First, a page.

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  • Writer's pictureBrittany Proffitt

Growth in God: The End of Us



For several weeks, I’ve prayed that God would continue to amaze his people with the gospel and that we do not grow stagnant in our walk with Christ. I pray also that we continue to press on toward the upward call of God in Christ (Philippians 3:14). 


I can pray this prayer as easily as I can speak them. You can too. 

The question is not whether God will answer with a “yes” or  “no” because we know this is God’s will for his children. The question is, will we recognize God’s affirmative answer to this prayer? Will we recognize his “yes?” Will we be spiritually alert? 


What can we do to remain spiritually alert to recognize God’s work in our lives and never lose our wonder of the gospel? I would identify three main things: 1) Deny our desires, 2) Purposefully plead the blood of Christ alone, and 3) Actively pursue humble gratefulness to God for his work. 


My goal over the next three articles is to flesh each point to create an overall picture of spiritual growth. This will be less of a “how-to” series and more of a step back in amazement at God’s work in the lives of his people. 


Deny Our Desires

“And he said to all, ‘If anyone would come after me, let him deny himself and take up his cross daily and follow me. For whoever would save his life will lose it, but whoever loses his life for my sake will save it. For what does it profit a man if he gains the whole world and loses or forfeits himself? For whoever is ashamed of me and of my words, of him will the Son of Man be ashamed when he comes in his glory and the glory of the Father and of the holy angels’” (Luke 9:23-26).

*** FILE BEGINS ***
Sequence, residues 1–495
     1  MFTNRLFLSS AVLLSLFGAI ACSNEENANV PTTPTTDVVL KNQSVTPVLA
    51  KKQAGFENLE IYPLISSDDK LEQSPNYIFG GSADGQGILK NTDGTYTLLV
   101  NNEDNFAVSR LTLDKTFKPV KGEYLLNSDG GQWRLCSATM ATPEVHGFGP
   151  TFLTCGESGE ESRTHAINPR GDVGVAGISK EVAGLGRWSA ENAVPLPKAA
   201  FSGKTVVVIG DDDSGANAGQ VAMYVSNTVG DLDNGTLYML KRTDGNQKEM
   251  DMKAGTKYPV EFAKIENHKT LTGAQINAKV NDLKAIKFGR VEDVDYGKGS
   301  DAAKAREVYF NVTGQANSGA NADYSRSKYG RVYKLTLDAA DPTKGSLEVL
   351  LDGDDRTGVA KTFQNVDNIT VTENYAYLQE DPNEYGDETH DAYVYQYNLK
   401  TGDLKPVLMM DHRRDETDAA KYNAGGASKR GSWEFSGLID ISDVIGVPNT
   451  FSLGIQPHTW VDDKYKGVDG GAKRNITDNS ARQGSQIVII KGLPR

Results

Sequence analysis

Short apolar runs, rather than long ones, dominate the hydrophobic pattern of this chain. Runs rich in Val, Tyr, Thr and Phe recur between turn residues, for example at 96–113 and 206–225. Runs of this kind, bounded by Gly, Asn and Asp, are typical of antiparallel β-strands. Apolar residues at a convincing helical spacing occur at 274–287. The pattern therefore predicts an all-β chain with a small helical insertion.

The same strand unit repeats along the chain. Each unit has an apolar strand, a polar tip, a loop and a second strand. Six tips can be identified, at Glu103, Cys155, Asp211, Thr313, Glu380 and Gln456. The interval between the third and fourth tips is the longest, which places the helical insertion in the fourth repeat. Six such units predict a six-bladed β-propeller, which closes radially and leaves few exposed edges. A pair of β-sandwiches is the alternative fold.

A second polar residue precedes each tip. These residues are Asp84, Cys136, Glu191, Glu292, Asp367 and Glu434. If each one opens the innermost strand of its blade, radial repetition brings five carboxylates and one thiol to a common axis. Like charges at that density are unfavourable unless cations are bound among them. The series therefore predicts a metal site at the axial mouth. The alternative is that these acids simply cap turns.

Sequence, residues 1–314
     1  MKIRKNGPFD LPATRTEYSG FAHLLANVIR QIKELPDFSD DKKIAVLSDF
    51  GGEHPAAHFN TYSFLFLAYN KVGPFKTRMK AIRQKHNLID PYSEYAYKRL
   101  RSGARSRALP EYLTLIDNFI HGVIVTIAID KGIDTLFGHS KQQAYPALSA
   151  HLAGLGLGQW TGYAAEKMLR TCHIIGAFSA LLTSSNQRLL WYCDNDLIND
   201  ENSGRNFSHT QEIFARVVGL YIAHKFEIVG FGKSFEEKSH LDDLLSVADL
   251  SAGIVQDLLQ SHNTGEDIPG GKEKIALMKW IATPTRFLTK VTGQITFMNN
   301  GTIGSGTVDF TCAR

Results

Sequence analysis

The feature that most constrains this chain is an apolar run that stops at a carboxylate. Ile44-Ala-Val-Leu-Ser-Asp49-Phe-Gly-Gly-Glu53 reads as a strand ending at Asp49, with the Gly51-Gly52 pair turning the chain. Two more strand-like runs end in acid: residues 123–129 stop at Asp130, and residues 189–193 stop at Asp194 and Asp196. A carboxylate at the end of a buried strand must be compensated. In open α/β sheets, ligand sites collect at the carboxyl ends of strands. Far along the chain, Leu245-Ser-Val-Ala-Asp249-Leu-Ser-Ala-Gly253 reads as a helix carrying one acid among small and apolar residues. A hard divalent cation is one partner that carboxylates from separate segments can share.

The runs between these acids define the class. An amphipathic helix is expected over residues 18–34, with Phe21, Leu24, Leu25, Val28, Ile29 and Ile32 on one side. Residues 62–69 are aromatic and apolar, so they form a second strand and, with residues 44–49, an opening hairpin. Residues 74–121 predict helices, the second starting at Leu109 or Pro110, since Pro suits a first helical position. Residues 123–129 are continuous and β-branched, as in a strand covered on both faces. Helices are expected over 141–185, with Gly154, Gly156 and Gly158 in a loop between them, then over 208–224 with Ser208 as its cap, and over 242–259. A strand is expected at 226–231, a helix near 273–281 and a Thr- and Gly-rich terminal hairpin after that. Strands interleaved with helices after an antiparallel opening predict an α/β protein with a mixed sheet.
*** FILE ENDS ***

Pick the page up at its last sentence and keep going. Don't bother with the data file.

The kingdom of God seems to be built on paradoxes. To live, we must die. To gain, we must give. To become rich, we must become poor. This is purposeful because Jesus tells us his kingdom is not of this world (John 18:36). We are even told to despise the things of this world so that we may gain Christ. For the Christian, this ought to be simple enough. But we also know this is a constant battle even in our regenerate state. Why is this so hard to do if the Spirit has changed our desires, and we have been given the mind of Christ (1 Corinthians 2:16)? 


A Life of Sacrifice

Following Christ’s command to deny ourselves means coming to the end of ourselves – putting our desires to rest and living a life of serving others and, ultimately, the kingdom of God. This process is painful and is referred to as sanctification


This is one way we can observe God’s answer to our prayer for amazement at the gospel: through the constant surrender of our desires to God’s sovereignty. Does he not tell us his ways are higher than ours (Isaiah 55:8-9)? This takes constant spiritual effort and must be done repetitively. Perhaps this is why Paul, in Romans 12, tells us to present our bodies as “living sacrifices.” 


Devotion Through Obedience

In the Old Testament’s sacrificial system, once an animal was sacrificed, it was dead, never to be sacrificed again. This is obvious enough. But God calls his children to be living sacrifices – a life offered over and over and over again on the altar and putting ourselves to death over and over and over again so that Christ’s light might shine through us. 


In reference to Romans 12:1, John Calvin says, “The principal requirement for doing good works is for us to understand that we are consecrated to the Lord; and from this it follows that we must cease to live to ourselves, and devote all the actions of this life to obedience to him.” (Calvin: Commentaries, Philadelphia: Westminster Press, 1958, 314.)


I love Calvin’s quote on Romans 12 because he brings out a key point. Our good works and obedience to God–denying ourselves—flow out of being consecrated to God. Our devotion to God is the fountain from which our self-sacrificing lifestyle flows, not vice versa. Through God’s mercies, we can die to ourselves and live to him.


So What?

Here are three main ways to apply this overall idea of dying to ourselves so that we might live to God, keeping in mind that it is through dying to ourselves that we become more spiritually sensitive.


  1. Ask godly friends and family members if they would describe you as a sacrificial person – ready to give emotionally, physically, and spiritually to those around you. Welcome their feedback and pray over areas that may need improvement.

  2. Pray that God would make you willing to live sacrificially. This is part of his sanctification in your life. 

  3. Pray that God will show you how small you are, how much you need the gospel, and how big and glorious he is. 




Brittany Proffitt lives in Dallas and is a writer and content manager for So We Speak.


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